Most military personnel in the Army are just happy not ever having to deal with the stress of combat, let alone being shot at. Most of them are content to sit quietly after the ugliness is over and listen to the wind blow and watch the grass grow. Free from the dust and grit of Iraq. Most of them aren't conceived on the hood of a '78 Z28 either. Key word being: "most." You see, Staff Sergeant John Blossick of Colorado Springs, Colorado, isn't your typical staff sergeant. He's a Bronze Star-decorated soldier about to embark on yet another tour in Korea. He doesn't want a parade or a slap on the back. When asked how he got the Bronze Star he nonchalantly said, "just a bunch of stuff." Some guys just aren't made to sit still; guys like John are nitro-blooded adrenaline junkies who thrive on power and going fast. What John wants is a two-ton bullet to throw him back in the seat.
As fate would have it John would get his chance when Hurricane Isabel took his beloved, if underpowered, V-6 Camaro in 2003. This twist of fortune allowed John to purchase the most aggressive-looking car he could have ever dreamed of, a triple black '00 Trans Am. At this point you'd think that would be it, the car of his dreams, complete. John racked up five years and a giant chunk of his hard-earned cash from multiple tours in Iraq to turn this bone-stock Trans Am into a tire-shredding projectile putting down over 525 lb-ft of torque and just shy of 520 rwhp.
The power comes from a stock-block LS1 stuffed with a GT2-3 Lingenfelter hydraulic camshaft and an intercooled Magnusson roots-style supercharger puffing out a conservative 6.5 psi of pressure. All that air needed a Racetronix fuel pump; a set of Ford 42-pound injectors; a 90mm Holley throttle body; and a custom, functional Ram Air hood, fabricated and all installed by the pros at RMCR Performance in Colorado Springs. An efficient combustion and reduced backpressure is enabled by a set of Kooks long-tube headers backed by a MagnaFlow catback system with a 3-inch cutout and Random Tech cats act.
Cramming this particular supercharger under the F-body's cowl certainly wasn't a 12-pack and a weekend job on the jack stands. The team at RMCR spent three weeks cutting and replacing part of the cowl in order to shoehorn the positive displacement power adder. Spacers were added to the K-member and transmission crossmember for additional clearance, before a speed density tune was supplanted. Rocky Mountain Competitive Research was careful to dial in a 12.8:1 air/fuel ratio. The blower provides gobs of low-end torque, which John says makes the car feel like a big-block. Anything less than a drag radial while blipping the go-fast pedal results in instant tire spin on the street.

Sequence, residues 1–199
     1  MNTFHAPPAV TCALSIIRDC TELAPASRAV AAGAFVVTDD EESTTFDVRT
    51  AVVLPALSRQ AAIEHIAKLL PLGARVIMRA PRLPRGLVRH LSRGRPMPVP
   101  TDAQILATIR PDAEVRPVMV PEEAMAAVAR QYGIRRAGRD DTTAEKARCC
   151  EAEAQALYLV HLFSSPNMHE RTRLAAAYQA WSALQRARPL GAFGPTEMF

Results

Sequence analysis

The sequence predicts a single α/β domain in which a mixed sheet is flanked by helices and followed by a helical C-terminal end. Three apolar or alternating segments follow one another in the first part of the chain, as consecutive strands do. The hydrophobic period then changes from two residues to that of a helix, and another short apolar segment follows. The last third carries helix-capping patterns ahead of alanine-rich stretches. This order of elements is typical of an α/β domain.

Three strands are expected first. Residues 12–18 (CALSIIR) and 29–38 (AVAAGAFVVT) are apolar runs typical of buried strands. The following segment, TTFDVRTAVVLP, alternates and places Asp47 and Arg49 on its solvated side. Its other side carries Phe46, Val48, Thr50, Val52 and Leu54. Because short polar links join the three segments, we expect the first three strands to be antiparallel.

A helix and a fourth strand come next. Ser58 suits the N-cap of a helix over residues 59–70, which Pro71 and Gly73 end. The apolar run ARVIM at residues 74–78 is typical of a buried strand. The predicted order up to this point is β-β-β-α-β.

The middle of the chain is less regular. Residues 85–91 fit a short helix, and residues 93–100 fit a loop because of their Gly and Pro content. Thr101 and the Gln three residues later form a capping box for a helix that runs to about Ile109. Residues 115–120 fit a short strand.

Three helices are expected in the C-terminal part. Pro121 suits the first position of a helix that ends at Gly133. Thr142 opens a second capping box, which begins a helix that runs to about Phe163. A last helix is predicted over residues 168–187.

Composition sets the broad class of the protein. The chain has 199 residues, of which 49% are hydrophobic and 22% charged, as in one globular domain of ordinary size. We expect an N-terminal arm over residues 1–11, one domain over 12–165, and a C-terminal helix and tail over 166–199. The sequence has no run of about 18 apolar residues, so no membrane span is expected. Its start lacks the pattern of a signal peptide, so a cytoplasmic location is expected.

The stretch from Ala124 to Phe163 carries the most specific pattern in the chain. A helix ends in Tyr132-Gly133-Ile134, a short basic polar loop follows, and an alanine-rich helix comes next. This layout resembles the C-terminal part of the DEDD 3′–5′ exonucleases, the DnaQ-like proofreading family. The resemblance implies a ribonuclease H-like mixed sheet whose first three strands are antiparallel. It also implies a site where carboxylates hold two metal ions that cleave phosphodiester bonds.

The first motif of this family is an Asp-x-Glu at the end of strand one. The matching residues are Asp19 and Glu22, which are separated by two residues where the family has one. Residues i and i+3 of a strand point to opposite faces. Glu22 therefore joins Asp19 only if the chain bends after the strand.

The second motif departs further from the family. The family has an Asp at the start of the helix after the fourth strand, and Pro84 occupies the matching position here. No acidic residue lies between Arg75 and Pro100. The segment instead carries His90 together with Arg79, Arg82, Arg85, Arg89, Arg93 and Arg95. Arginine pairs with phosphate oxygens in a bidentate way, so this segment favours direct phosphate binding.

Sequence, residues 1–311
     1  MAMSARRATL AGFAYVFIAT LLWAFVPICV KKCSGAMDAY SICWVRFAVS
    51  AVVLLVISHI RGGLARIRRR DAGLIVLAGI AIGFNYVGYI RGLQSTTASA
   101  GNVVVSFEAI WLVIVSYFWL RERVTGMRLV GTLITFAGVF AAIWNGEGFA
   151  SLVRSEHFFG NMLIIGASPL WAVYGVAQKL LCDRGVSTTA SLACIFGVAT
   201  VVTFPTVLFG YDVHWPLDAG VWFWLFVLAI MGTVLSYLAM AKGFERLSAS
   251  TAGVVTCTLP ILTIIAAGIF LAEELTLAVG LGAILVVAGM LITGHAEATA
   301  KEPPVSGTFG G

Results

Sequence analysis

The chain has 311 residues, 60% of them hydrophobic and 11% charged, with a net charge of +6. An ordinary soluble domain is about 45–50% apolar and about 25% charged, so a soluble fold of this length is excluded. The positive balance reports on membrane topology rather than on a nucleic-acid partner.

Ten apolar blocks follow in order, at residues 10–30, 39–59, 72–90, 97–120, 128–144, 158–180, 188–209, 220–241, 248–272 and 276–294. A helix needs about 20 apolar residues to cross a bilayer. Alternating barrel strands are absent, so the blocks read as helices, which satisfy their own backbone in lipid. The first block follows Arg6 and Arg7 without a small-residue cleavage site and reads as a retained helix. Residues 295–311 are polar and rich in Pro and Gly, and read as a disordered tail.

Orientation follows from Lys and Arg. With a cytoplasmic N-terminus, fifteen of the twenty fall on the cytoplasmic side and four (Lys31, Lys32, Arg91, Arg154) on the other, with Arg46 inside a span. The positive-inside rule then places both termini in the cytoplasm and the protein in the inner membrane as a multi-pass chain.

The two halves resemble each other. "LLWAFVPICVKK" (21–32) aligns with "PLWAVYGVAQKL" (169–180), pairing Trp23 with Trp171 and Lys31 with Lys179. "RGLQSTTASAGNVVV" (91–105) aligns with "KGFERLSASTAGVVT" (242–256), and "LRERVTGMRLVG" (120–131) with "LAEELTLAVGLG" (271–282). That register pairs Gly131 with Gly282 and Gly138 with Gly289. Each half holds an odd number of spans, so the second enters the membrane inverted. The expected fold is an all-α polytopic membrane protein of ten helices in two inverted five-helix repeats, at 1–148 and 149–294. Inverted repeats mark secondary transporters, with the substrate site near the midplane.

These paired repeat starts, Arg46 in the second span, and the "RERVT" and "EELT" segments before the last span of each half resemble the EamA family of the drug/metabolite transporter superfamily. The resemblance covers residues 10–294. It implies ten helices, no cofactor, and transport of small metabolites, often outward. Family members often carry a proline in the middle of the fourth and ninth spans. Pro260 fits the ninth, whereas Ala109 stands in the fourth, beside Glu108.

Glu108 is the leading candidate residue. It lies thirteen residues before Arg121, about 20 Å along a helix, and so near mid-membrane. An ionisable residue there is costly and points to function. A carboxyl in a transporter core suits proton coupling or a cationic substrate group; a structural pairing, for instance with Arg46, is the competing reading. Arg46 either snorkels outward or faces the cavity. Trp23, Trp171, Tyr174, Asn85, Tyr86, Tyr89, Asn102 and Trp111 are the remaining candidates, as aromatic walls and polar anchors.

All that power is put down through a Monster Stage III clutch matched with a billet steel flywheel, bolted up to the stock T56 with a Pro 5.0 shifter managing the gear changes. John plans on swapping out the stock 3.42 gears this year, but in the meantime is sure glad he added a driveshaft loop knowing the raw power this beast is capable of. Planting the grunt of all that supremacy is a UMI adjustable torque arm, BMR boxed subframe connectors, and UMI lower control arms. Meanwhile, a Ground Control coilover kit with Eibach springs and Bilstein shocks at all four corners gives the TA its low stance, but John certainly didn't choose them for aesthetic reasons only. He wasn't happy with the way the car transferred weight during hard launches, and the folks at Ground Control came to the rescue by dialing up a custom spring rate to match his combo and desired performance. Up front, a Thunder Racing line-lock helps the 18x9.5 Z06 wheels wrapped in 265/40/18 Mickey Thompson drag radials heat up nicely. A pair of Rotorpros drilled and slotted rotors grabbed by Hawk brake pads help bring the bullet to a halt.